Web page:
Dual Language Interview Series: Katarina Brito

In School Year 2016-2017, DCPS will have dual language at 11 schools with new programs at Houston Elementary School, MacFarland Middle School, and Roosevelt High School. We’ve heard a lot of interest from parents across the city about these programs, and will start sharing some information about plans to expand bilingual education at DCPS over the coming months.

We got to sit down with Katarina Brito, a Dual Language Developer in DCPS’ Language Acquisition Division, to talk about dual-language in DCPS! Katarina got her start with us after teaching in California and now works to provide high-quality bilingual education to a growing number of DC Public School students.


School Planning: What do Dual Language programs look like at DCPS?

Katarina Brito: All of our programs are Spanish-English dual language programs; they’re fifty-fifty models which mean that at least fifty percent of instruction is offered in the non-English language starting at kindergarten. Within the fifty-fifty model, there’s another model that is known as “two-way immersion”, where kids who speak both languages learn together in the classroom. There are also one-way programs, in which a majority of students speak English or the non-English language. In DCPS we have all of those models; Tyler Elementary has 90% English speaking kids and a few Spanish-speakers, Powell is 85% Spanish-speaking, and most of our other schools are a mix of Spanish- and English-dominant students – all with half of the instruction in English and half in Spanish.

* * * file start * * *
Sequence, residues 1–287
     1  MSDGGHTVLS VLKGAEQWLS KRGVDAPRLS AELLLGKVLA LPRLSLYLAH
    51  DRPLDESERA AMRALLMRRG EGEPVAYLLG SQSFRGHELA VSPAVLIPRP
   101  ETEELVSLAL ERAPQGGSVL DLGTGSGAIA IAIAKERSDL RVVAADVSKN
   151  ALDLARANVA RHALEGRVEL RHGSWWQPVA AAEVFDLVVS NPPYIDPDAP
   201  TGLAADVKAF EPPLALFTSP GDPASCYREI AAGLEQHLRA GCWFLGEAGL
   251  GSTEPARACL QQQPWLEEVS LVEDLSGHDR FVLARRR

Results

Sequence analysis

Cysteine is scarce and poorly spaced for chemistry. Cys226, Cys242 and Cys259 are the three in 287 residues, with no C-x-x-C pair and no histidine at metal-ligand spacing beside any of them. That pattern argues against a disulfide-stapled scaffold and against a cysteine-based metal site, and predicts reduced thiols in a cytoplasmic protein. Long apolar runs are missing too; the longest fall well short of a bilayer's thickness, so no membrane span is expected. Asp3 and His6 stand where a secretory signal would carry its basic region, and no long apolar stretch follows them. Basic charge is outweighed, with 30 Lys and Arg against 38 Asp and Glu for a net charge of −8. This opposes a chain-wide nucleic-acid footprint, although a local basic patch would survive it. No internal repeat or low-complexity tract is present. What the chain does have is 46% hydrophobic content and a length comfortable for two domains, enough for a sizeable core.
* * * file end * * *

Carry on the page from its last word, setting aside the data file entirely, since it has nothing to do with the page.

One thing that’s important to emphasize is that our dual-language schools, no matter the model, all have the same four goals: bilingualism (speaking fluently in two languages), biliteracy (reading and writing in two languages), academic achievement, and cultural competency. Those are our driving forces whenever we’re making decisions. We ask ourselves, “How does this change that we’re making bring us closer to meeting or exceeding our goals?”

Within our schools we have a lot of variety. For example, a school might switch the language of instruction by week, day, half-day, or even classroom. We have a set of non-negotiables which makes sure we have stability in place to meet our goals. In fact, we were just complimented in an article in New America, which highlighted how the dual-language programs at DCPS are particularly responsive to their communities, which calls attention to why we have so many models across the District.

School Planning: Is there data that supports dual-language education models?

Katarina pointed us to some research done on elementary and middle school students, which shows that dual-language programs can provide major benefits for native English-speakers and non-native English-speakers. English Language Learners (ELLs) in dual-language tend to have higher test-scores than students in English-Only programs, and English dominant students in dual-language programs tend to perform at or above the level of peers in English-only classrooms. Additionally, dual-language students show higher rates of self-esteem and self-confidence, drop out of school at lower rates, and experience a smaller achievement gap between English-learners and English dominant students.